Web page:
Arlington prosecutor Henry E. Hudson said this week that he expects to take office as the U.S. attorney for the Eastern District of Virginia by the last week of this month or the first week in June, a schedule that is expected to intensify the campaigns of two Democrats who hope to succeed him.
Hudson, a Republican who was unanimously confirmed by the Senate for the federal post Tuesday night, said he intends to meet with Arlington's four Circuit Court judges next week to discuss his departure. This week, he is completing a report by a national pornography commission he heads.
"I want to make the decision on a starting date compatible with their timetable for picking a successor," Hudson said of the judges, who will appoint an interim commonwealth's attorney to serve until the Nov. 4 election. The winner of the election will serve the year remaining in Hudson's four-year term.
Two candidates are seeking the Democratic nomination to succeed Hudson: Helen Fahey, Hudson's chief deputy and a 10-year employe of the office, and Brendan Feeley, an assistant prosecutor for three years in the mid-1970s who has a private criminal law practice. In anticipation of Hudson's departure, county Democrats have split into two camps and begun campaigning for Fahey and Feeley. No date has been set for the vote.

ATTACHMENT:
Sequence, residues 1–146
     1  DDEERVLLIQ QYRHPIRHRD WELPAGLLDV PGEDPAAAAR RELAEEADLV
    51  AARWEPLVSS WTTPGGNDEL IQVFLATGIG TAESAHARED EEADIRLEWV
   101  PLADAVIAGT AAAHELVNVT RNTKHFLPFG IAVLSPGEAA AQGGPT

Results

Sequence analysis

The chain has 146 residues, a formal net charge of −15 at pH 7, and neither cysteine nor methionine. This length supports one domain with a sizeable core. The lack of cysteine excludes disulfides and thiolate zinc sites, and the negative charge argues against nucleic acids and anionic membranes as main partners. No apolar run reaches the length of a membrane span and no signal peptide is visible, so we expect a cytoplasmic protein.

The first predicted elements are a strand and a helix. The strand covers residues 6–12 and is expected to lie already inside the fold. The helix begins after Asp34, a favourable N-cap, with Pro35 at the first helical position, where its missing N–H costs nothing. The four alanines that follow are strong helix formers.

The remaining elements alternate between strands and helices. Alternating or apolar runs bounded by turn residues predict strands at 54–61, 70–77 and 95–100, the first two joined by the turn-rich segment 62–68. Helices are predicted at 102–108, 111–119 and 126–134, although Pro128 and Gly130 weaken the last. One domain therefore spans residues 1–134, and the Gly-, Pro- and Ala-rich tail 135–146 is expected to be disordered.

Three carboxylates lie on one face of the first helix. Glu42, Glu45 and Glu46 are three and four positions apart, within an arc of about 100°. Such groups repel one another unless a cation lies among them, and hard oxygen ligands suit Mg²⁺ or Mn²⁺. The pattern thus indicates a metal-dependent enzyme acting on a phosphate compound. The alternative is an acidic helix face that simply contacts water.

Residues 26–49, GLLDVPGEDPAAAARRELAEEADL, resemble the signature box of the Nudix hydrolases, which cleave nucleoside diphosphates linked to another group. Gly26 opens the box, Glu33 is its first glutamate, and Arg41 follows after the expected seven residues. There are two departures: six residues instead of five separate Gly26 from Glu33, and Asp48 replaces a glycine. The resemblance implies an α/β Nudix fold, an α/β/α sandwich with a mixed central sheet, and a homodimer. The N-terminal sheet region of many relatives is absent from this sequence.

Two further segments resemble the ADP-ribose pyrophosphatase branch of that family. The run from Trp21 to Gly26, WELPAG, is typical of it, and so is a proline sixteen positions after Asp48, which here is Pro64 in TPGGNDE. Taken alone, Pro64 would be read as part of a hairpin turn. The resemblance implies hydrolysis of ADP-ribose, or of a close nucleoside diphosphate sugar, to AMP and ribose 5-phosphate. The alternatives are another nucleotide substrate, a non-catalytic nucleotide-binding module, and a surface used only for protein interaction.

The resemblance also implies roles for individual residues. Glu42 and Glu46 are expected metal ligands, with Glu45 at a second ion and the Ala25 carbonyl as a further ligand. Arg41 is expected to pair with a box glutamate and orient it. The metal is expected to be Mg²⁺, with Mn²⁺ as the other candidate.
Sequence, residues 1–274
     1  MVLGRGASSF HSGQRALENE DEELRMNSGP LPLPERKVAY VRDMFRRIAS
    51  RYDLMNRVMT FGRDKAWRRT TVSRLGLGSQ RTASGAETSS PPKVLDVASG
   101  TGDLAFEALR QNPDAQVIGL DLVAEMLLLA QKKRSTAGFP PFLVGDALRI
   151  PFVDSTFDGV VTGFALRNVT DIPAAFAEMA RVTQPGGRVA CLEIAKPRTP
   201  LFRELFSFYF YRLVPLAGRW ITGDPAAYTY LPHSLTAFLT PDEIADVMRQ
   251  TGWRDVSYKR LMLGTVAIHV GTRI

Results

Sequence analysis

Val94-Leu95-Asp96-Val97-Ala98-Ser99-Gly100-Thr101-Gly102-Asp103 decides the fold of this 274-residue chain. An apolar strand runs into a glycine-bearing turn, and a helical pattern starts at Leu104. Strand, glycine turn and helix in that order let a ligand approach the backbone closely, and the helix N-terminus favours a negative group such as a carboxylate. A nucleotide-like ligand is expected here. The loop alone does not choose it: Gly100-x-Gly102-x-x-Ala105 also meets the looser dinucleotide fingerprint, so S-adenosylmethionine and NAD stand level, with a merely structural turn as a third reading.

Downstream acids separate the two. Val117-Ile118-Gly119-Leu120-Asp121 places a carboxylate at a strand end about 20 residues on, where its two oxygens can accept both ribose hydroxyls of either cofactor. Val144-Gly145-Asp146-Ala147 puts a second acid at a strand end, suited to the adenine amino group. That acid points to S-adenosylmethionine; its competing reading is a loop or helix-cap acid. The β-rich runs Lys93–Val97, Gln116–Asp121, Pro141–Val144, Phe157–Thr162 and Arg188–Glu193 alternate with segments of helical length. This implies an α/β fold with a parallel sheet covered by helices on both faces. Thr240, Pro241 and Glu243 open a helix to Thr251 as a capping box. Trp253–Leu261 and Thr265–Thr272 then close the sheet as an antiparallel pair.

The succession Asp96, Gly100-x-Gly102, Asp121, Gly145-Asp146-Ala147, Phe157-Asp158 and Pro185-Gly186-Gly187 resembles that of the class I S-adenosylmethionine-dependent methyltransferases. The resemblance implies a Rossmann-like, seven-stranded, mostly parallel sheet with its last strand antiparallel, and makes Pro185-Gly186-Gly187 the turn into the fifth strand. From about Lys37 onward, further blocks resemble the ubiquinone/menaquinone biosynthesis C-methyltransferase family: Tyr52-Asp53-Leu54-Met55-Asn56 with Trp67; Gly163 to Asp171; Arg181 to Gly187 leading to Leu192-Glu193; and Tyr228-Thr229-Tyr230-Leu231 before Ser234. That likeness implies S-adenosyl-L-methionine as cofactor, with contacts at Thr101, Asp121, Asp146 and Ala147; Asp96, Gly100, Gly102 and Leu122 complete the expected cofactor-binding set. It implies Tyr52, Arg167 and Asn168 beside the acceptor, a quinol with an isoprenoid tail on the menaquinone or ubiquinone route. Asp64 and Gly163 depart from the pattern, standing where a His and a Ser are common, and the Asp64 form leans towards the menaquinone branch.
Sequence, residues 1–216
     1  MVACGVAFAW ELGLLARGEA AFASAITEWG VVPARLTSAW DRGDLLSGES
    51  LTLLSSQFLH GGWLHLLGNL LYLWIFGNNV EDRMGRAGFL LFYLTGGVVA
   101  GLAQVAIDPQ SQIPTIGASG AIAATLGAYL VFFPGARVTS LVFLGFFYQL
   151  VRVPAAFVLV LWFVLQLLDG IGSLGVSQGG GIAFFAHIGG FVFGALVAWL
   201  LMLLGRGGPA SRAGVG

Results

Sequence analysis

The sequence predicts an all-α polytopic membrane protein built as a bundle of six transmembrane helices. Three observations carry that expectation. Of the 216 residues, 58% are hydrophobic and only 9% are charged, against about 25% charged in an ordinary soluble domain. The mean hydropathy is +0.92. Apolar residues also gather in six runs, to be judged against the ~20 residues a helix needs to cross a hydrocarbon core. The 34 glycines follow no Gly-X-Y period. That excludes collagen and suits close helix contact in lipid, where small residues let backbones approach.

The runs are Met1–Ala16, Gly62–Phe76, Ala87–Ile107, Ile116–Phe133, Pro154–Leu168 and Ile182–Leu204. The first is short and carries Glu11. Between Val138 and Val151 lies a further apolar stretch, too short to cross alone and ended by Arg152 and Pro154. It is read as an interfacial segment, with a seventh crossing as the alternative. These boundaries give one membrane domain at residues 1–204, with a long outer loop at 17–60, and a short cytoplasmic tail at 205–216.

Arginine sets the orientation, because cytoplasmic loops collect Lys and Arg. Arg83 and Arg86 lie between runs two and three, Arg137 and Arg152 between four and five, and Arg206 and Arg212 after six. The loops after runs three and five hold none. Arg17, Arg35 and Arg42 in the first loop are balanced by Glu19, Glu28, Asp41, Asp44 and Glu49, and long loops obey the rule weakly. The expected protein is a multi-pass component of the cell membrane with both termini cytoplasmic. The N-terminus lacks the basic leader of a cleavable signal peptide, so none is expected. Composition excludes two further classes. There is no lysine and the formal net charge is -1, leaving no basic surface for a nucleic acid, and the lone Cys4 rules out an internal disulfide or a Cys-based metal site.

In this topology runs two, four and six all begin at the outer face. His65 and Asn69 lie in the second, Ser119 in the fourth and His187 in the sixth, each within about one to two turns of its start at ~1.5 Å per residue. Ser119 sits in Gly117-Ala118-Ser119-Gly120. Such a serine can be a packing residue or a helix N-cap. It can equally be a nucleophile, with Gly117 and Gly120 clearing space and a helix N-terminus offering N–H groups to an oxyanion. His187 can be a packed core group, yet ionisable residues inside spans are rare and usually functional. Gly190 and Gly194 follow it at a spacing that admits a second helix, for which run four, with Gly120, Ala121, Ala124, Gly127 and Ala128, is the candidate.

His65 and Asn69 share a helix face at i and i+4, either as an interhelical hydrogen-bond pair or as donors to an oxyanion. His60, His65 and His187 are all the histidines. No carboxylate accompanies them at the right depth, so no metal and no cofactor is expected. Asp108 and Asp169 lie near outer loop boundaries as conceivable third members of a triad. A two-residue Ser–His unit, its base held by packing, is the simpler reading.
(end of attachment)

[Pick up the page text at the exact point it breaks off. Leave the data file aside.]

Local Republican leaders have said they did not expect to field a candidate, a move that virtually guarantees that the person nominated by the Democrats this spring will be Hudson's successor. No independents are expected to run.
The judges, themselves selected by a Democratic-controlled Virginia legislature, are expected to appoint an interim prosecutor within days of Hudson's departure and that person is expected to be a Democrat. Fahey is heavily favored in local legal circles to win the appointment because of her experience.
But Feeley, who said he would not seek the appointment, is backed by several party regulars who are experienced in getting out the vote and who say he should win the nomination because of his experience in the office and willingness to run against the popular Hudson in 1983.
Hudson, who has been county prosecutor for six years, said he does "not intend to make a formal endorsement, but I would not preclude private communication with the Circuit Court judges."
He said he would like to return to Arlington to prosecute some cases he has worked on for months, such as a murder case involving an alleged exorcism, if his successor approves and his new job allows.